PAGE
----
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Conviction is the Key

Conviction is the Key

By Brandon Tice, Promise Fellow at Ignite Afterschool

By far the most nerve-wracking, uplifting, and meaningful day of my service this month was June 13th. I knew that it was going to be a special day right from the start: It was the day of the Ignite Youth Voice for Change summit, and the day of our site visit from a local foundation. I was excited to hang out with young people, youth advocates, and my fellow Promise Fellows at the youth summit. Yet, at the beginning of the day, my excitement was overshadowed by my nervousness; the site visit was key to getting the grant that would essentially pay for my salary as a staff member of Ignite Afterschool. Driving to the youth summit in the morning, my thoughts kept drifting to all the site visit later that day, and all the ways I could fatally screw it up.

Crane Corps Promise Fellows tabling

Yet a funny thing happened once I got to the youth summit: my anxieties were washed away in a surge of energy and excitement. I laughed and joked with the other Promise Fellows, many of whom I now considered good friends. I heard the keynote speaker urge us to be fearless, and to approach each new day and new challenge with a relentless positivity. And I saw youth stepping up to take leadership roles and get involved in issues that affected them. All of these sensations swelled inside me and gave me a confidence and energy that truly left me feeling fearless. Instead of viewing the site visit as two hours of investigation that I should get over with as quickly as possible, I now saw it as a great opportunity to share Ignite Afterschool’s vision and strategy. Some of our closest network partners would also be there for the site visit – people that were not often all in the same room together – and I began to think this site visit could be a chance for all to do some big picture thinking together with the program officer.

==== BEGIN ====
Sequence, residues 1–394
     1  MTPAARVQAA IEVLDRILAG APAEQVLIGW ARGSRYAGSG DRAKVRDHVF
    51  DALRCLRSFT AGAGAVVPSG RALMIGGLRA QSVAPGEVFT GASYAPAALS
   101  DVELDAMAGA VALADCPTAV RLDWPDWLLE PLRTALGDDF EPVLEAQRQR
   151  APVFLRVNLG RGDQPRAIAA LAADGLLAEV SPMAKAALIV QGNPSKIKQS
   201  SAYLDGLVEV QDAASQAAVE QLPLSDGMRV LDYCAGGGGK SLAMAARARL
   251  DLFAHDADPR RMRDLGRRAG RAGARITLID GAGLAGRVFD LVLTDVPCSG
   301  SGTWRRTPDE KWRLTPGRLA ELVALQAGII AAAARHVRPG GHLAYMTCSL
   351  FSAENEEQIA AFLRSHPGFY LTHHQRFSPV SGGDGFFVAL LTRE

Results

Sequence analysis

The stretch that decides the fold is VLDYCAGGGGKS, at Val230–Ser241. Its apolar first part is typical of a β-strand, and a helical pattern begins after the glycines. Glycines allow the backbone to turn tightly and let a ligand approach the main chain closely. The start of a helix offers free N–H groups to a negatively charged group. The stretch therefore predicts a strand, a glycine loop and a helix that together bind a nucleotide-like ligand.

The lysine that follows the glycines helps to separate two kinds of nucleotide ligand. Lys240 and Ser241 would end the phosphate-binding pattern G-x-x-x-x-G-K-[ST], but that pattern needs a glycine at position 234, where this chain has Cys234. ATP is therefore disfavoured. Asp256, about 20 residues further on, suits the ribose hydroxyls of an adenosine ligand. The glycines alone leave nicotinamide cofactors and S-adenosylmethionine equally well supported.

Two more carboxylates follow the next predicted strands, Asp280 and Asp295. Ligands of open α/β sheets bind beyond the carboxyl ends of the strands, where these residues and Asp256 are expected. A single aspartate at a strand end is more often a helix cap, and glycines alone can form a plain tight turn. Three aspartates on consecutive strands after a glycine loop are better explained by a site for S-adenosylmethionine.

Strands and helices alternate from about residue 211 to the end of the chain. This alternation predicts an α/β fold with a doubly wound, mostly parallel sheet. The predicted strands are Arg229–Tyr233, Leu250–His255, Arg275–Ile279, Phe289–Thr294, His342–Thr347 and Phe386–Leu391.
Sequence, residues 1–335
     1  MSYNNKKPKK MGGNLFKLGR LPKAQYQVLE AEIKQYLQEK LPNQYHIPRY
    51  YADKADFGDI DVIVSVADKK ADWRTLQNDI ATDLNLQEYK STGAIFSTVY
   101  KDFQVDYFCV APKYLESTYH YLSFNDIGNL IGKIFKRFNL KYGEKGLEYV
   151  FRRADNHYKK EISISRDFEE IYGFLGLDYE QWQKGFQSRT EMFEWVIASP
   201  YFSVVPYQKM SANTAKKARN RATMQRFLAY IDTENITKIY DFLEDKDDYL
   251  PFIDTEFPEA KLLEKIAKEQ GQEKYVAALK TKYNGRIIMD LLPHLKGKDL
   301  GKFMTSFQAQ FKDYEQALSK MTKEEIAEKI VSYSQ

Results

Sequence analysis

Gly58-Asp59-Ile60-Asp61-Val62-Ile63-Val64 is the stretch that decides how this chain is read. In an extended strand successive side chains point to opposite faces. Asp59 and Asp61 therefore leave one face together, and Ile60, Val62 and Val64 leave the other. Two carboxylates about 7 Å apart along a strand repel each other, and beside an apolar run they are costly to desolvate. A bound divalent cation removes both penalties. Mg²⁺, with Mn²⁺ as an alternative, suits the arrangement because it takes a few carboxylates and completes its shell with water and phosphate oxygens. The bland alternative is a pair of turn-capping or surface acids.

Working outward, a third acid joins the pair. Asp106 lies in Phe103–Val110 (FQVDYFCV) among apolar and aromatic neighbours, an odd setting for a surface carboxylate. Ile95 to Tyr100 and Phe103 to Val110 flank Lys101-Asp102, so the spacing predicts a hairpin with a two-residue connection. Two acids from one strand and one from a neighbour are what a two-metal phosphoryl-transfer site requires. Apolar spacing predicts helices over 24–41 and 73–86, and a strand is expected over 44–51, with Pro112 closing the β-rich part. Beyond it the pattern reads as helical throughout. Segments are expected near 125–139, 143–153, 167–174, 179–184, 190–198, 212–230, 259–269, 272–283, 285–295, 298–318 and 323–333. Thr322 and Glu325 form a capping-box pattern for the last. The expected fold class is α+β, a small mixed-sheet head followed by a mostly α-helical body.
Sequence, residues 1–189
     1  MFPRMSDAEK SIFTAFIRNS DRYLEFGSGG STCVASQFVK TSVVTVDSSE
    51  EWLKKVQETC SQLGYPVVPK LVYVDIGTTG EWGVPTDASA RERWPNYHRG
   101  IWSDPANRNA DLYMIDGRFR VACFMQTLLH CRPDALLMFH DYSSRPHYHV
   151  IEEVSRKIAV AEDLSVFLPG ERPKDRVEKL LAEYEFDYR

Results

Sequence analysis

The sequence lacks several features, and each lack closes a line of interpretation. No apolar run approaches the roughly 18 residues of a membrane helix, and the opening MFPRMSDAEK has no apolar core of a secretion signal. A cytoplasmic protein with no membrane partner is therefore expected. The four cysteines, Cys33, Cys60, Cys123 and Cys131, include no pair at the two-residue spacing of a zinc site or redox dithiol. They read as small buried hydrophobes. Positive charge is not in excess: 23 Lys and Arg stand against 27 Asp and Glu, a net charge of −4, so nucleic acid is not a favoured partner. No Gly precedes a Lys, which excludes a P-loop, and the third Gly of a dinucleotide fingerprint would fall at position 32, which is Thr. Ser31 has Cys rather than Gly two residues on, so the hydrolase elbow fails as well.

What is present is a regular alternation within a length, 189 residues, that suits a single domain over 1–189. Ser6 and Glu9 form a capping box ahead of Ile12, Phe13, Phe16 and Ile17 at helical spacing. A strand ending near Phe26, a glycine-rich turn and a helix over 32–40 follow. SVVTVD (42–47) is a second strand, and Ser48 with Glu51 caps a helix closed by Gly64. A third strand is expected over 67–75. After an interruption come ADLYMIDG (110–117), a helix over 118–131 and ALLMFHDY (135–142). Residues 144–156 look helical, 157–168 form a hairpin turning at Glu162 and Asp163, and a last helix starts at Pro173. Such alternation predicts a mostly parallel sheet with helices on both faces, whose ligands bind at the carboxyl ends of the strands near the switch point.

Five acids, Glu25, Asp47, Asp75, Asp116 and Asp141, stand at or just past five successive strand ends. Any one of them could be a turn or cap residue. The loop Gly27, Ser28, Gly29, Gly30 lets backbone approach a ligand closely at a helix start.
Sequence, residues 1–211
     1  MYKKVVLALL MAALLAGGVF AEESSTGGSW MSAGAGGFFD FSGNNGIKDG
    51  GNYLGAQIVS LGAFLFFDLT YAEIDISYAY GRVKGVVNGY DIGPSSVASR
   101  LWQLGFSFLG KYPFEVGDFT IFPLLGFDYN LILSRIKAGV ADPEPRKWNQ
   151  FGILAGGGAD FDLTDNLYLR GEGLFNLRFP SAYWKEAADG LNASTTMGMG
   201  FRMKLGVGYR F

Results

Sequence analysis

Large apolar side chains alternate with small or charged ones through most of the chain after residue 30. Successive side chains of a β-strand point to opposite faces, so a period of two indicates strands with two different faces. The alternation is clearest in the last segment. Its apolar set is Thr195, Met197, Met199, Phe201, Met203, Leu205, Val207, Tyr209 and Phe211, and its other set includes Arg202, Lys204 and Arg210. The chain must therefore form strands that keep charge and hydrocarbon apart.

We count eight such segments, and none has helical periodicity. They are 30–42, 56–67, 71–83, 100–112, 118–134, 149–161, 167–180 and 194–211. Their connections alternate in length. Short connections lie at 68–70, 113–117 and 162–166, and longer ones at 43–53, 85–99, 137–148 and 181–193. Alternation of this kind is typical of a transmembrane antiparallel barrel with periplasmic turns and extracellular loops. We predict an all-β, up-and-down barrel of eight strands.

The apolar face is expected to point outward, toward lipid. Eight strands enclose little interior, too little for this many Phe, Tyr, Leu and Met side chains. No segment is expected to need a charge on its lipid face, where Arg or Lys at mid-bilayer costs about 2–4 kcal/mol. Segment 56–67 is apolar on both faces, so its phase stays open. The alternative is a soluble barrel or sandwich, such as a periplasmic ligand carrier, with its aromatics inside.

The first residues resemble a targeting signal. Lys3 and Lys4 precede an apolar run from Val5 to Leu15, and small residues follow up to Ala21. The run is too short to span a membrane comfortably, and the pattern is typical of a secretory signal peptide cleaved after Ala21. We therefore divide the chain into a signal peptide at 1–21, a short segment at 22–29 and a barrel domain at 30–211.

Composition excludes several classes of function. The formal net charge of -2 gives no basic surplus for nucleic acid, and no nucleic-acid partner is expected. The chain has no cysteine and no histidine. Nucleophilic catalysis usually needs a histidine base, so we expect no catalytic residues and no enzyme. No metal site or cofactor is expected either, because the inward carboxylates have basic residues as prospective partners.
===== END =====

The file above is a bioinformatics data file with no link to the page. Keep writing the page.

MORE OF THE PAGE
In the conference room where we all met for the site visit, the free flow of conversation, ideas, and laughter made it clear that not only were we a tight-knit group of colleagues, but we were also a great candidate for the grant. We had all gone in with the confidence that we really truly deserved the grant, and I feel quite strongly that we convinced the foundation too. I won’t know for sure until later this summer, but regardless of what happens, I learned that the key to overcoming challenges is to pursue them with the conviction that you have the knowledge and capabilities to overcome them.

[From “Voices From the Field: Reflections from Minnesota Alliance With Youth’s AmeriCorps Promise Fellows.” Summer 2014.]

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